There is a popular stretch of Shanghai called the Bund, which runs right along the Huangpu River and cuts through the heart of the city. On its north end, Tommy Hilfiger staged his fifth see-now-buy-now show last night, setting his runway right along the waterfront. Night had just fallen and the skyscrapers in the Pudong financial district glimmered across the water—the landmark Pearl Tower and one office building that had the Hilfiger flag splashed across it in lights.
Tommy Now, as it’s called, has become a traveling showcase. Through an ongoing partnership with Tmall, the e-commerce giant owned by Alibaba, each piece is instantly shoppable across China, which per Hilfiger is the brand’s fastest growing market. “Someone once told me to go to where your customers are,” Hilfiger said backstage, “and this is the ultimate version of that.”
Falling as it did one day ahead of New York Fashion Week, both the crowd and models were largely culled from East Asia, a logistical move that also made good business sense. K-pop stars Chanyeol Park of EXO and Taeyeon of SNSD were in attendance, the former drawing a hysterical mass of fans who literally pressed their noses against the glass wall surrounding the venue. The $290 black monogrammed crewneck that he wore will no doubt sell like hotcakes (Tommy x Chanyeol, anyone?).
Yet the night was more closely devoted to three Western stars, chiefly Lewis Hamilton, the British Formula 1 racing champion, who won his fifth Italian Grand Prix two days ago and flew straight to Shanghai to debut the first Tommy x Lewis capsule collection (the brand’s sequel to Tommy x Gigi). “He loves sport and casual as a blend, and when you mix those, it’s street style,” Hilfiger says. Think: a slew of red and emerald green track pants, matching sports bras, logo slides and socks, and other easy sportswear.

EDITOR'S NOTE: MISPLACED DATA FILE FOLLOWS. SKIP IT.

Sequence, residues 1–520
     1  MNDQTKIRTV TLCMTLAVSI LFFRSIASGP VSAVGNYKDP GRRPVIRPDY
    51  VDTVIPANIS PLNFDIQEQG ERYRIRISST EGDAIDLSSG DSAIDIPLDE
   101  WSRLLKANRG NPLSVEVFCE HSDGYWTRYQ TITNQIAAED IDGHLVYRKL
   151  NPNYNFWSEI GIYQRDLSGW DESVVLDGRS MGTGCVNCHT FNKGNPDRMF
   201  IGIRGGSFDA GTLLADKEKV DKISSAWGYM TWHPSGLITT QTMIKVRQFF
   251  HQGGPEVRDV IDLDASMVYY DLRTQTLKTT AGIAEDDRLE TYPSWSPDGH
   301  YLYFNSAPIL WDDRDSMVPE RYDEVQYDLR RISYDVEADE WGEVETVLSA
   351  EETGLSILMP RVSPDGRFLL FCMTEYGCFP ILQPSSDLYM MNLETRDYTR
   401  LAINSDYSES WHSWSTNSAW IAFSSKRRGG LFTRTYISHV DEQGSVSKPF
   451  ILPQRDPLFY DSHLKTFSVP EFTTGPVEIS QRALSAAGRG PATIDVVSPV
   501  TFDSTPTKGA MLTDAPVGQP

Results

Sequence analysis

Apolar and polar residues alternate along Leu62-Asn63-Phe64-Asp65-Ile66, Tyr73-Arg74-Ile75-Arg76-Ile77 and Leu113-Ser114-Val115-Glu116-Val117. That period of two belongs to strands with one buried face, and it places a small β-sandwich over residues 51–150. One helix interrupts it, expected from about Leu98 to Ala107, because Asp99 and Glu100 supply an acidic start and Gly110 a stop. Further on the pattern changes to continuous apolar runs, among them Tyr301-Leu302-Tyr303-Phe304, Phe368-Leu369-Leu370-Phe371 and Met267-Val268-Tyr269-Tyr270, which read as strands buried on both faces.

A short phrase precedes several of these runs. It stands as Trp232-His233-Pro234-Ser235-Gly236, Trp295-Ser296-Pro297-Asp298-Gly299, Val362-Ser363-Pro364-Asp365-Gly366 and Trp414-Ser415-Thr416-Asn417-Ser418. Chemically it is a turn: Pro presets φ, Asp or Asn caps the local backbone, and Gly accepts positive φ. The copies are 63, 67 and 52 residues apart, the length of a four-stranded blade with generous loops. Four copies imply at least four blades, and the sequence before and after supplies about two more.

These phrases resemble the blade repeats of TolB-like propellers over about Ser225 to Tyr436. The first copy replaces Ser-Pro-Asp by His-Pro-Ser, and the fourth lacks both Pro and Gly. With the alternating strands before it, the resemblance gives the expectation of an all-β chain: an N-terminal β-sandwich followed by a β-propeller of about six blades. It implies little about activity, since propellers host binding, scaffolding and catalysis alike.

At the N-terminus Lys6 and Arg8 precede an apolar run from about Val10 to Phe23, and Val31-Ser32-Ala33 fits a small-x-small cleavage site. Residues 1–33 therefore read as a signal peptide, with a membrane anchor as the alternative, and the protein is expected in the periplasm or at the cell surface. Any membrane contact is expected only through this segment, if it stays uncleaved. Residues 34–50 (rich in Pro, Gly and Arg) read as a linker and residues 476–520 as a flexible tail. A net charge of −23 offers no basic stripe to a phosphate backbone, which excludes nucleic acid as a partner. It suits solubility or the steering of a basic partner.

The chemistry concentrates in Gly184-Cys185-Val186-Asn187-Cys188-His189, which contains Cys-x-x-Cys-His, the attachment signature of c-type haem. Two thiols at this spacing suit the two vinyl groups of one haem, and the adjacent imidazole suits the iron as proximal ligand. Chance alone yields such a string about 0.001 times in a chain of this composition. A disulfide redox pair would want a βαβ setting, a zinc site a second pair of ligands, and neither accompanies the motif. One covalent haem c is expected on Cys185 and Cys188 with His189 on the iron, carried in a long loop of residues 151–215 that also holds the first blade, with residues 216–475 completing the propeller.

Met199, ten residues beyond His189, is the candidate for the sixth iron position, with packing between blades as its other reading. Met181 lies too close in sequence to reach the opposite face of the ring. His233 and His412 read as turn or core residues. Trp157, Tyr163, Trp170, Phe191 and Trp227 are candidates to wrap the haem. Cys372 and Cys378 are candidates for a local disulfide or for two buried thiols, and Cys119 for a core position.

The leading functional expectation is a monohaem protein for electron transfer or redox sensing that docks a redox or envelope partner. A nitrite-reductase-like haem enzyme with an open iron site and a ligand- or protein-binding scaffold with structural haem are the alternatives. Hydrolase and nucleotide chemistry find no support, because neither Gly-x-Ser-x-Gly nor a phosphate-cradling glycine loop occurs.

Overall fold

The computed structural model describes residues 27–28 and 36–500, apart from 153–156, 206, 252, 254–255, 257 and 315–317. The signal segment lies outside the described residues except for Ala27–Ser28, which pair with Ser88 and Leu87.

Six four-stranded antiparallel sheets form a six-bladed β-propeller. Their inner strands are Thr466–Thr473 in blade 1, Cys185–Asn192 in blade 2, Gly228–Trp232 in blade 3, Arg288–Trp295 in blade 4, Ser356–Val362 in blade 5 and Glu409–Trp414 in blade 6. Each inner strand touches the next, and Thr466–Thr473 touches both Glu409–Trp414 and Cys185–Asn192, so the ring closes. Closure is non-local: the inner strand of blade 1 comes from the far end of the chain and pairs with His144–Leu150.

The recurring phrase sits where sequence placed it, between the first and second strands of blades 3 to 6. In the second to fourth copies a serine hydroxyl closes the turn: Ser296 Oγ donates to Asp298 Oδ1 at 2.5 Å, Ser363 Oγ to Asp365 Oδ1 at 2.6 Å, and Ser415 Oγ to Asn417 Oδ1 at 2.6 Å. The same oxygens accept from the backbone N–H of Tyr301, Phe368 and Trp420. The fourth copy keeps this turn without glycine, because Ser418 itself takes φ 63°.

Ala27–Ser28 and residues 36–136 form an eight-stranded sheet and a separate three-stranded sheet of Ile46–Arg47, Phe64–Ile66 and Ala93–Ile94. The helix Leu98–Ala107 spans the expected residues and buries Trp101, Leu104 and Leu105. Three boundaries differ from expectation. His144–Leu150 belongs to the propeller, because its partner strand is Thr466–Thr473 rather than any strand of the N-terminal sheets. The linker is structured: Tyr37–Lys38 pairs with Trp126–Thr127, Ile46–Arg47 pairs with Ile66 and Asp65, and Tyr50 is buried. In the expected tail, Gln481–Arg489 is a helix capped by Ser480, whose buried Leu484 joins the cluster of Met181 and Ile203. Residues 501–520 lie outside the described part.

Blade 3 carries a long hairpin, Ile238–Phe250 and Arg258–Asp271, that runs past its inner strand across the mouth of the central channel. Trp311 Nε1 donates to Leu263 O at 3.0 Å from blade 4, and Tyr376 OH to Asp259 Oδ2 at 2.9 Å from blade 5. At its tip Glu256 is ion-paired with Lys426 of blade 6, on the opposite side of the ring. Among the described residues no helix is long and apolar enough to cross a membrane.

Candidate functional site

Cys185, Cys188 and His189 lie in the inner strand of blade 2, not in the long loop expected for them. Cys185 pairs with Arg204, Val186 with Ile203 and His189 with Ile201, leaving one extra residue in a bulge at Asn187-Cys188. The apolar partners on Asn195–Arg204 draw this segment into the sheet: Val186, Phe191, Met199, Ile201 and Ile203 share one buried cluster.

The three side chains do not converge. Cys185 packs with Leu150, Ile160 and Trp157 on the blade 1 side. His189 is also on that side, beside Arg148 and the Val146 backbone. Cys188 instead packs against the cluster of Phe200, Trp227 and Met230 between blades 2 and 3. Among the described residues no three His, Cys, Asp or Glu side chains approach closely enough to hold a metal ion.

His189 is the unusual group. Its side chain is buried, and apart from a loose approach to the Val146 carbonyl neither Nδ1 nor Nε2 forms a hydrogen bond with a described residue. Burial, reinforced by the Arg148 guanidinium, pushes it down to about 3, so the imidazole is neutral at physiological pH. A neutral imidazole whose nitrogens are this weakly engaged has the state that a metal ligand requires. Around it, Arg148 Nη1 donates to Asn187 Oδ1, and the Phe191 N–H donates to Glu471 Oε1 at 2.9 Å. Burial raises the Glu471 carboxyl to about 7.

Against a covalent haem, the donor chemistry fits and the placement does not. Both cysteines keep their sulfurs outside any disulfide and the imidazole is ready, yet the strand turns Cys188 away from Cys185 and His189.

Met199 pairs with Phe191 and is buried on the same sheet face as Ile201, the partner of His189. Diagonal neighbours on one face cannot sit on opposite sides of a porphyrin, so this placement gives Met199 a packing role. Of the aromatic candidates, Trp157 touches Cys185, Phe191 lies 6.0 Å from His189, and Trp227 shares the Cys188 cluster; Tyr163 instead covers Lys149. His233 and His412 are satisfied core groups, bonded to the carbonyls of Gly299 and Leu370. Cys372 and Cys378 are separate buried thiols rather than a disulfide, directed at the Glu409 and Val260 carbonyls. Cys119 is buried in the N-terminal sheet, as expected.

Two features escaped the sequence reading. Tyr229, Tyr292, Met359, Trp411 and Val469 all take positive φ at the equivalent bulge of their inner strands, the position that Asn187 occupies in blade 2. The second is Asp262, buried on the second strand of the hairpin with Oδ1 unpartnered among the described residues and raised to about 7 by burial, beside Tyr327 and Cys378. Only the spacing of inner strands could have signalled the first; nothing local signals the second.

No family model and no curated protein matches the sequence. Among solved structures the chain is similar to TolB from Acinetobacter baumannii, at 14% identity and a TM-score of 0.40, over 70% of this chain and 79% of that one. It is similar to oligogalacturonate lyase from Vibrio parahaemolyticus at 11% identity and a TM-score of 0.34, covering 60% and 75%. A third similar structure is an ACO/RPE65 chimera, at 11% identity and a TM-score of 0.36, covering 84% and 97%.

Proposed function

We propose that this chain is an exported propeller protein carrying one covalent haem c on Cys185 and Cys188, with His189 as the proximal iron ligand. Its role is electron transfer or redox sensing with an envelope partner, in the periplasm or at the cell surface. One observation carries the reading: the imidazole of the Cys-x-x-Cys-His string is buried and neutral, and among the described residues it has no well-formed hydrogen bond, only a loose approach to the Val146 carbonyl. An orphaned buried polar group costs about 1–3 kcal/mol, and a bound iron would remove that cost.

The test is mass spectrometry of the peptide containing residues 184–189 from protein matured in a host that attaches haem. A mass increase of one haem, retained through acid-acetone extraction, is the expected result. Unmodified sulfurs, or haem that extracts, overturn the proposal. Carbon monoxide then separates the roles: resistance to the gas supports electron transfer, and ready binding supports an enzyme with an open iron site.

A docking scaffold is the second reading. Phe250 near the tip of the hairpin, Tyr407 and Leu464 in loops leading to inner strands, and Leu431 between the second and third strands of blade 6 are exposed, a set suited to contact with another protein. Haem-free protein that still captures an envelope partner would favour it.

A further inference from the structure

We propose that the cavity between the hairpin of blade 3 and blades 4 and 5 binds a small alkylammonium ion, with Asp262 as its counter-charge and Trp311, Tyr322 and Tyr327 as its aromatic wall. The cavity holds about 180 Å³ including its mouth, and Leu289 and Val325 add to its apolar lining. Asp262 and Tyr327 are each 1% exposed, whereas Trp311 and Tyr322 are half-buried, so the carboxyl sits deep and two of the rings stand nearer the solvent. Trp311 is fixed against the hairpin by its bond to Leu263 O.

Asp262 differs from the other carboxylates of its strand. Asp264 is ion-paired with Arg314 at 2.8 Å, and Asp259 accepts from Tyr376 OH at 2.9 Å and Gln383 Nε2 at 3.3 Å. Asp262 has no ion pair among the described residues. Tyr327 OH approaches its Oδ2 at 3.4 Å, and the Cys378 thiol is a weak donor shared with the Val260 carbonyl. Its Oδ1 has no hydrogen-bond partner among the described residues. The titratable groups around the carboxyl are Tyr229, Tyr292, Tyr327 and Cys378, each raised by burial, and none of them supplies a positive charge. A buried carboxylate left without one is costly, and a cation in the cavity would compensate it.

Then there was Tommy Icons, a second capsule represented by models Hailey Baldwin and Winnie Harlow. Icons is a new collection of classic Hilfiger shapes, reimagined for today: a cropped shell parka or loose velvet sweat pants and bombers, plus little hoodie and rugby stripe dresses (also shoppable). Between them came the Fall 2018 Hilfiger collection, which drew from the brand’s ’80s archives. Exaggerated proportions were made less so, and “modern” trimmings like Lurex and velvet brought knit pullovers and other classic pieces into the present. In sum, 110 looks split into three acts, delivered to one ready audience.
Hilfiger is not alone in his pursuit of the Chinese market; Victoria’s Secret brought its show to Shanghai just one year ago. The Xintiandi shopping district is littered with banners sporting Riccardo Tisci’s new Burberry logo, flapping in the wind. And in Jing An, an enormous billboard promotes the forthcoming Balenciaga flagship, which will sit alongside a Thom Browne, a Moncler, and a Gucci.
On one hand, it is practical. China is vast, and that means many, many potential customers. But its retail space is evolving at breakneck speed and dominated by Alibaba and Tencent, which owns WeChat. What’s more, relations between China and the U.S. are strained at best; Trump-imposed tariffs and ongoing trade negotiations promise to impact both. China is also in the middle of an economic slowdown, as its leaders purport to pursue more sustainable growth. Consumption is decreasing as costs of living increase. Has the Chinese market become the mythical goose that lays golden eggs?
Well, a spectacular China show is still a mark of success. More important, it generates buzz. Tommy Hilfiger has leveraged social media influencers like few other brands have, and by cornering affordable sports basics and classics engineered for the street—a $99 Icons button-down, a $49 Lewis tee—it could perhaps still pin down that golden Shanghainese goose.